So, I filed one column before the UK-West Virginia game even started. Another the minute the buzzer sound. For what it’s worth, here’s one final column, that comes after getting a chance to talk to UK coach Billy Gillispie and several Wildcat players after they won the Las Vegas Invitational tonight.
Gillispie shows cool hand with a hothead freshman
LAS VEGAS — I don’t want to say University of Kentucky coach Billy Gillispie was pleased at how much DeAndre Liggins was seething on the sidelines Saturday night, the night he refused to go into the game against Kansas State.
But on some level, he must have been. You could tell it in the way he described Liggins as “a freshman that’s really competitive and wants to play all the time.”
It seems it was hard for Gillispie to stay mad at a kid who takes it that seriously, who wants it that much, misguided though his intensity was.
This could have been a major incident in the UK basketball fishbowl. In Kentucky, the governor could blow off work one day and it would create less of an uproar than what Liggins did in the second half of the Las Vegas Invitational semifinal.
If nothing else, Liggins now knows that when it comes to UK basketball, nothing that happens in Vegas stays in Vegas. His bench stunt sent ripples from here to Somerset and beyond. Talk radio, Internet. Even the state’s largest paper, this one, polled readers on what should be done about Liggins. By game time last night, about 1,500 had voted, and nearly half said he should be kicked off the team.
Gillispie was of a far different mind.
“I’m a hard guy,” he said last night. “I’m a hard coach, there’s no question bout it. But I’m a loving coach. I love compeitors and I love guys that get madder than heck when they don’t get a chance to play. I think that he could’ve handled it a lot better. Because I think that it would’ve meant more to his teammates had he handled it better.
“But I don’t have a problem with a guy — I mean, I’ve got a problem with a guy not going into a game — but he’s a competitor, he wanted to play. . . . He’ll have a little extra stuff this week because of it, but we weren’t going to penalize the whole team because of it. I asked the team.”
Gillispie’s was the right approach. It was the approach of someone who kept an incident in perspective rather than making it about his own ego.
This is still college basketball. Freshmen are going to make mistakes. Of all kinds.
Gillispie talked to Liggins. He put some penalties into place. But he also talked to his other players. And they talked to Liggins.
UK sophomore Patrick Patterson said he didn’t know while the game was going on Saturday that Liggins had refused to go in. But when he found out, he said, “I wanted to know why.”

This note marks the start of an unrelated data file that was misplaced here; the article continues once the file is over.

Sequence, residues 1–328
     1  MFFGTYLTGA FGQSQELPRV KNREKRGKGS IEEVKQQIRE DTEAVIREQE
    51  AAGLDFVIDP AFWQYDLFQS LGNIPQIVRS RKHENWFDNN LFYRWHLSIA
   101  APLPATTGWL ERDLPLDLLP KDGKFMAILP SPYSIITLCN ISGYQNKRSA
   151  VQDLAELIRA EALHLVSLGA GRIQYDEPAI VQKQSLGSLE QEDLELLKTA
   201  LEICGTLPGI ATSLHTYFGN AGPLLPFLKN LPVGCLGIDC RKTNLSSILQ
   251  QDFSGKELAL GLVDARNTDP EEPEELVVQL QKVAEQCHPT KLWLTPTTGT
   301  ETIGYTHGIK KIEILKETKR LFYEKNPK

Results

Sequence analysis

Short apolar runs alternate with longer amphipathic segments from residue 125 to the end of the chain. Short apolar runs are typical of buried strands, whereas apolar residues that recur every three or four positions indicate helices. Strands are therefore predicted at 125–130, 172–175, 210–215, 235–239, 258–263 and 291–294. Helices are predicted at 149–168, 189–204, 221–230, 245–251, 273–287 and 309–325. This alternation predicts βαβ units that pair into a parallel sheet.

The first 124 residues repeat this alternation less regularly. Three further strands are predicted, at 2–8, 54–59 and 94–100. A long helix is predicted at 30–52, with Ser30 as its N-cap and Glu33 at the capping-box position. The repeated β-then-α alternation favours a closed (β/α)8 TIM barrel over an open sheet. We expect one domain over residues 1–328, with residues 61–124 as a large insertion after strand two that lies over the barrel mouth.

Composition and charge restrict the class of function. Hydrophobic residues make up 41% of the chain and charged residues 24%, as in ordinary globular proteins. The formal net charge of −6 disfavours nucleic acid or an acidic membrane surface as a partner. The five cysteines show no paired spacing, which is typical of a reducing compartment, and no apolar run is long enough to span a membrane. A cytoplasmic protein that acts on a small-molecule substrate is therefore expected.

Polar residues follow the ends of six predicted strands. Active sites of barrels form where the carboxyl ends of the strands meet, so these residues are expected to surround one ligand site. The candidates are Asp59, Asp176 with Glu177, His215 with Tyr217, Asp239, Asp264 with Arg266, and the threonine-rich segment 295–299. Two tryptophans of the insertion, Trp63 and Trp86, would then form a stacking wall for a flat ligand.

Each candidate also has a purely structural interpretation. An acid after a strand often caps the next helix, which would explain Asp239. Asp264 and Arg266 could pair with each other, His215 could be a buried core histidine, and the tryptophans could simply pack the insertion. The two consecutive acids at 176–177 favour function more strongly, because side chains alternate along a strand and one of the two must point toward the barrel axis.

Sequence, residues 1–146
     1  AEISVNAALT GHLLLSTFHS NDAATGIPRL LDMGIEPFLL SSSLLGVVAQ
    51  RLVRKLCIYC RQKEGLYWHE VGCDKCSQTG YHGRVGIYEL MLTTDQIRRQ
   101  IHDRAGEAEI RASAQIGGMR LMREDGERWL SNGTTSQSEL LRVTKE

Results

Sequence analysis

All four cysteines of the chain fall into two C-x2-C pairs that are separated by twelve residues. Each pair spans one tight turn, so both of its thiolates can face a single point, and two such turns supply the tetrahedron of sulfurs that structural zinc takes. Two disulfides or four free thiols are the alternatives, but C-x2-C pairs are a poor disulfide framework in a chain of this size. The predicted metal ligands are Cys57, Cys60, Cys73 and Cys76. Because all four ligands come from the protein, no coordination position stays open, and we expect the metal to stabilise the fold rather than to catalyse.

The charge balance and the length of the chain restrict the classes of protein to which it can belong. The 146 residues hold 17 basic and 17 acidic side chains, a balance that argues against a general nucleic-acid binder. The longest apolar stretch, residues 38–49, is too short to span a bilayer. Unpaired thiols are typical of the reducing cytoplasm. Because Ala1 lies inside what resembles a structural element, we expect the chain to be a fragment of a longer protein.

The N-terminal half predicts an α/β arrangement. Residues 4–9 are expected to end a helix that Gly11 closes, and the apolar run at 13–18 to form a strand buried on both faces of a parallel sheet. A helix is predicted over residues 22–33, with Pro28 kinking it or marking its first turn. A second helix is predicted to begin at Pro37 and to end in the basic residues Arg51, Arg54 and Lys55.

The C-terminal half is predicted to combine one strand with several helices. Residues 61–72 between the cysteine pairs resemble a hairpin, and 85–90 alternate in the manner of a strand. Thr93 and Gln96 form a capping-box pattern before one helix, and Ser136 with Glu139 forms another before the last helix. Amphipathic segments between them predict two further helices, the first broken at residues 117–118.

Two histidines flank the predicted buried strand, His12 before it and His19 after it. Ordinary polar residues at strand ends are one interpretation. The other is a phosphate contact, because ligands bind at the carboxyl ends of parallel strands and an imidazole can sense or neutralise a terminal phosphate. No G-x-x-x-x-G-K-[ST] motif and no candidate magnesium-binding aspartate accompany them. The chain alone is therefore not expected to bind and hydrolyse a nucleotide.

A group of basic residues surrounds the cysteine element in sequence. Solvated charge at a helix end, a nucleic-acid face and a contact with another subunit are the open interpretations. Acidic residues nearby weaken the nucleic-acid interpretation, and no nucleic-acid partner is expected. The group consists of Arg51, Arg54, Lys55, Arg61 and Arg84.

Something tells me that Patterson coming at you for an explanation is every bit as daunting as a Bob Huggins full-court press.
“We all pretty much talked to him,” Patterson said. “We said we all wanted him here. We want him to play. Coach G wants him here and wants him to play. He just had a little moment, and that’s behind him now and we’re ready to play. We had a great practice today. . . . We all just gathered up as a family and talked to him.”
It was easy to smile about it all after the Wildcats came from 12 points down in the second half to beat West Virginia 54-43 in the tournament championship last night. Particularly because of the role Liggins played.
His stat line doesn’t show much — 4 points, 3 assists, 4 turnovers and 2 rebounds in 27 minutes. But Liggins got his hands on at least four balls that became turnovers. He took a key charge late in the game, and created a big steal and threw a half-court pass to Patterson for a three-point play that put the Cats in control at 46-41.
His intensity on the court is palpable. And last night, it was channeled in the right direction.
With his “moment” passed, he had another moment, grasping the Las Vegas Invitational trophy with his teammates.
It’s a moment that would not have happened had Gillispie responded too harshly. But he took the time to look at where Liggins’ frustration was coming from. I’d advise Liggins to appreciate that. I’d also advise him not to get used to it.
Somebody yesterday asked U of L coach Rick Pitino what he’d do if he had a player refuse to play, and he said, “I’d immediately throw him off the team.” He also noted that he might be more lenient on other issues, but if a player refused to play, “He would be immediately terminated.”
I defended Pitino when he was giving Derrick Caracter his dozen chances for transgressions that weren’t in the heat of the moment. And I think Gillispie handled things the right way yesterday.
And because of it, this controversy, at least, will stay in Vegas. And Gillispie will bring a little bit tougher, and tighter, team home to the Bluegrass.